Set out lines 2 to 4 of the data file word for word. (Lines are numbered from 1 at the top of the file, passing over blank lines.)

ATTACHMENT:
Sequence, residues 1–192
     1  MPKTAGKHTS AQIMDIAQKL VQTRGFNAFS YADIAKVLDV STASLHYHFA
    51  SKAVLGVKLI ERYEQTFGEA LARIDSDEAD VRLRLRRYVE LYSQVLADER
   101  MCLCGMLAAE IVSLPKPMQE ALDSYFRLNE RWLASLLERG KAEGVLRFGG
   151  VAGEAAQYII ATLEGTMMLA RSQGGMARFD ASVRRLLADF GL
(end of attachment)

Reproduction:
     1  MPKTAGKHTS AQIMDIAQKL VQTRGFNAFS YADIAKVLDV STASLHYHFA
    51  SKAVLGVKLI ERYEQTFGEA LARIDSDEAD VRLRLRRYVE LYSQVLADER
   101  MCLCGMLAAE IVSLPKPMQE ALDSYFRLNE RWLASLLERG KAEGVLRFGG